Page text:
This new Will was a forgery.  Mr Ascott’s signature was forged, and two chums of Venning fraudulently claimed they had witnessed the signing of the Will by Mr Ascott.  Venning obviously thought he had got away with it, especially as he had two willing collaborators prepared to state they had been present when Mr Ascott signed the new Will.





Not surprisingly Christian Aid challenged the authenticity of this new Will.  They got statements and other evidence from a number of the beneficiaries of the true Will.  In a High Court case the two “witnesses” to the forged Will swore Affidavits swearing that they were present when Mr Ascott signed the Will.  Venning still felt he was onto a winner and had got away with it.




In 2016 Christian Aid and Venning came to terms.  Under the agreement Venning paid a sum to Christian Aid (the amount of which was undisclosed) and the charity in turn removed a caveat it had placed on the forged Will.




But it didn’t stop there.  The forged Will was submitted to the Probate Registry.  Venning obtained a Grant of Representation for himself, and he took the benefit and paid out to the beneficiaries of the true Last Will and Testament a much reduced sum.  The police were called in and criminal proceedings then followed.  The prosecution produced expert forensic evidence which showed conclusively that the 2012 Will was a forgery.




Venning and his co-conspirators pleaded not guilty, and there followed a three week trial.  He was still cocky enough to think that a Cornish jury might find a Cornishman not guilty.  The jury were far from impressed with their defence and gave a unanimous guilty verdict.  Venning was given a 5½ year sentence whilst the two “witnesses” received 2 year sentences suspended for 2 years.  They were also required to undertake substantial unpaid work sentences, and also had fines to pay.  They will have plenty of time to reflect on St Paul’s cautionary advice about money!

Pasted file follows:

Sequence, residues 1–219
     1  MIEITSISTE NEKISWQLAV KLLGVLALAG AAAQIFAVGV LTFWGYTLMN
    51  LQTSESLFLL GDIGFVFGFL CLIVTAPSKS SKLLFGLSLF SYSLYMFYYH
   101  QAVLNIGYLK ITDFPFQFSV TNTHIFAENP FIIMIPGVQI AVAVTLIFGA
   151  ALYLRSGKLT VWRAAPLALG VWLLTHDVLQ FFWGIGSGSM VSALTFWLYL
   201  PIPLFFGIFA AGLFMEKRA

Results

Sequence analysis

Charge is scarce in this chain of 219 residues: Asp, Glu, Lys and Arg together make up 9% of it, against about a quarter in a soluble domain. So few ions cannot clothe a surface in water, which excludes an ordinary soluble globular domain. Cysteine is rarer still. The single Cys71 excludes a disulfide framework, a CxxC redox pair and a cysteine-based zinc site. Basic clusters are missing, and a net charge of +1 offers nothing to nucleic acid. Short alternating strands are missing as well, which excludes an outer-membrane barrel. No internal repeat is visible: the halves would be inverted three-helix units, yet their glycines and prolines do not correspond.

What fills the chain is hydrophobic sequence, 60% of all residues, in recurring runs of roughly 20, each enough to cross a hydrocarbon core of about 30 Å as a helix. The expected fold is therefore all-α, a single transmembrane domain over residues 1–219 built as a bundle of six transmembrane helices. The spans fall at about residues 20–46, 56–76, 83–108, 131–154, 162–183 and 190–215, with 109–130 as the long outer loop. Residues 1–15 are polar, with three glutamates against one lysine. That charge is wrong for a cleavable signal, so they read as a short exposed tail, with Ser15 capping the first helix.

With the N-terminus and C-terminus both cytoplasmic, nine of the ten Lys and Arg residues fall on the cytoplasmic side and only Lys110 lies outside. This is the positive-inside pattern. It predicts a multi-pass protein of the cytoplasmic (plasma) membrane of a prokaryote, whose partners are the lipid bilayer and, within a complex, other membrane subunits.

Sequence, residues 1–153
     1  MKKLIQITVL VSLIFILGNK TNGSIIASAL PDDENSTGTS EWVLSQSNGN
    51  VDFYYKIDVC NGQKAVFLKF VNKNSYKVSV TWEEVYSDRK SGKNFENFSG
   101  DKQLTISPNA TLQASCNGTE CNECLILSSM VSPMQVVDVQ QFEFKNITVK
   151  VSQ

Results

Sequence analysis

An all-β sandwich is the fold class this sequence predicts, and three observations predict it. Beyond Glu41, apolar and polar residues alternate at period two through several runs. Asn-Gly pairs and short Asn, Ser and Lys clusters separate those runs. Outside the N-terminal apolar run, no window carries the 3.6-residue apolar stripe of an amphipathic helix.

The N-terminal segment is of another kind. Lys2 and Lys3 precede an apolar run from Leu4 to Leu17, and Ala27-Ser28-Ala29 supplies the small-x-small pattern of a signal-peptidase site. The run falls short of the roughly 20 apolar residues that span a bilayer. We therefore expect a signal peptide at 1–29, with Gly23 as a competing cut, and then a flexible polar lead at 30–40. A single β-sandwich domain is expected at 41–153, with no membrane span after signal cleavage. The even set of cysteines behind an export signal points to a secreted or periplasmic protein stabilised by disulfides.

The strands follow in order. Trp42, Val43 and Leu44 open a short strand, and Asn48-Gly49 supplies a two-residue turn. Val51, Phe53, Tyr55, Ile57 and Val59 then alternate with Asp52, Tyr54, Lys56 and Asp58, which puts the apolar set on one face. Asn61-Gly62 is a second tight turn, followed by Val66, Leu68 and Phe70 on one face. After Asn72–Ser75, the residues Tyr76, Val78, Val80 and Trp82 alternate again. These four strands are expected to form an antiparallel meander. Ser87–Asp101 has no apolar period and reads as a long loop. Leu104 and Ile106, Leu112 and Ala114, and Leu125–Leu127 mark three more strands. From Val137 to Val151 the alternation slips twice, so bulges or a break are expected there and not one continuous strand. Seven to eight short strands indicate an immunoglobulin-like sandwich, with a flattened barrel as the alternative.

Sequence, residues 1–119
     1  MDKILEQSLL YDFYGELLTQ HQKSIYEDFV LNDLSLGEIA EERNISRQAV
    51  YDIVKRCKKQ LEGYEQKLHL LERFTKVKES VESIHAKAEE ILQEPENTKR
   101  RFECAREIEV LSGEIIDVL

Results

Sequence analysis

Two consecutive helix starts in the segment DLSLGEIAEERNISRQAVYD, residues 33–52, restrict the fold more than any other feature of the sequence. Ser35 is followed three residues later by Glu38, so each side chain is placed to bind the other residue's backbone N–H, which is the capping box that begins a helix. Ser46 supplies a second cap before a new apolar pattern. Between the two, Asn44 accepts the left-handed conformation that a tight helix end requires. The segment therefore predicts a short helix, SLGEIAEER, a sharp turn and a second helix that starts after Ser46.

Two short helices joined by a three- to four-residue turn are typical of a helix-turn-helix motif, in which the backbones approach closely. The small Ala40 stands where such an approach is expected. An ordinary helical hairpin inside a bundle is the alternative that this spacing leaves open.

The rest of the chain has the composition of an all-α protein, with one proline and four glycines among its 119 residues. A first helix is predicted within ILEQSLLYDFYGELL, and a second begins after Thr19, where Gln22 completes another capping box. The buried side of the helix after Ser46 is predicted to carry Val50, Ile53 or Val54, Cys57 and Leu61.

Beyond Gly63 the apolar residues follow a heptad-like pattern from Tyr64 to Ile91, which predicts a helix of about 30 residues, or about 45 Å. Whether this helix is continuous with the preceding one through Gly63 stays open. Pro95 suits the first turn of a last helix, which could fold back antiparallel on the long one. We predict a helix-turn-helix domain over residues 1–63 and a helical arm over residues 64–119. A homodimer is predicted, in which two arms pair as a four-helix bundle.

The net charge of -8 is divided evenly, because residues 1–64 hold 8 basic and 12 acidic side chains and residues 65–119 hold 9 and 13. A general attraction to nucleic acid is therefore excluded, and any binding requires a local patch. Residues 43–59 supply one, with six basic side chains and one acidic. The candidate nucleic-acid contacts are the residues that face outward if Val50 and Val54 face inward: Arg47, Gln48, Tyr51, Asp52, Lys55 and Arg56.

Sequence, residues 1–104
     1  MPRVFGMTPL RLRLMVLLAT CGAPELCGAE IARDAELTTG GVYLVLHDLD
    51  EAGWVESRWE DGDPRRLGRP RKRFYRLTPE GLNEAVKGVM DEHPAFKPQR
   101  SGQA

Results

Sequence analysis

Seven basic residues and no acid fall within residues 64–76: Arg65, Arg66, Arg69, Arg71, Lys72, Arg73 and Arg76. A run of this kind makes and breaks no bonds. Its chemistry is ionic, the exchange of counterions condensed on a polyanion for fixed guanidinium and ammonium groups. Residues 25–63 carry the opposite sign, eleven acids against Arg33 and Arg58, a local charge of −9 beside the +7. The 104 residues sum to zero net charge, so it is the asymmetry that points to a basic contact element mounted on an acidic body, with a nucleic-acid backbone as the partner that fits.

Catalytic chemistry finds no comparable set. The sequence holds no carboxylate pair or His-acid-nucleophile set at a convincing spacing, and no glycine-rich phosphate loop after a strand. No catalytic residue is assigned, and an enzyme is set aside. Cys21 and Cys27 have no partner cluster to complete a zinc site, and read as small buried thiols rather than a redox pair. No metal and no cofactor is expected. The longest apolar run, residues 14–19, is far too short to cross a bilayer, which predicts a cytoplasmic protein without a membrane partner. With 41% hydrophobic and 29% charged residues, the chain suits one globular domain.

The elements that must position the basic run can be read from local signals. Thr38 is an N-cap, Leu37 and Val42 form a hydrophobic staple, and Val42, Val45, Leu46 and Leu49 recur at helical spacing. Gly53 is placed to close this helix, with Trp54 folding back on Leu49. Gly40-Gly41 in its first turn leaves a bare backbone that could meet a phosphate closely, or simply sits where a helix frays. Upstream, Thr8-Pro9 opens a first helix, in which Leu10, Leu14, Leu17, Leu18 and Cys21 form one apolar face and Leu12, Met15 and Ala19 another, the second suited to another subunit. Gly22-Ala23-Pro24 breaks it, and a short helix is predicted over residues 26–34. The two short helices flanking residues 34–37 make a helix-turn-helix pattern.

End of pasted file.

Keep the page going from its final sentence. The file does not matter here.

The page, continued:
I can foresee potential rises in dubious Wills.  A Court in Australia last year admitted as a valid Will an e-mail sent by a dying man stating where he wanted his money to go.  I expect the Court carried out a rigorous forensic enquiry into the background of the e-mail and its sender.  Given, however, the ever present efforts fraudsters make to take over our e-mails without us even knowing, the admittance of electronic Will making could turn into a fraudsters’ paradise.




Nothing surprises me when it comes to what some people will do to lay their hands on money to which they are not entitled.  When used in a good way (as Mr Ascott clearly tried to do) it can do tremendous good.  But when it becomes the root of all evil, little if any good can come of it.




If you need advice on legal matters then please get in touch.  If you haven’t got a Will, now is the time to act.  Ask yourself the question “If I died last night, is my Will correct?”  If you are in a relationship outside of marriage, no Will means no protection for your partner.  So take action now, and ask for our help.  It will bring great peace of mind and certainty for the future.  Contact us here at Busbys on 01288 35 9000 and see Busbys’ advert on this page.


John Busby

Busbys Solicitors

Bude & Holsworthy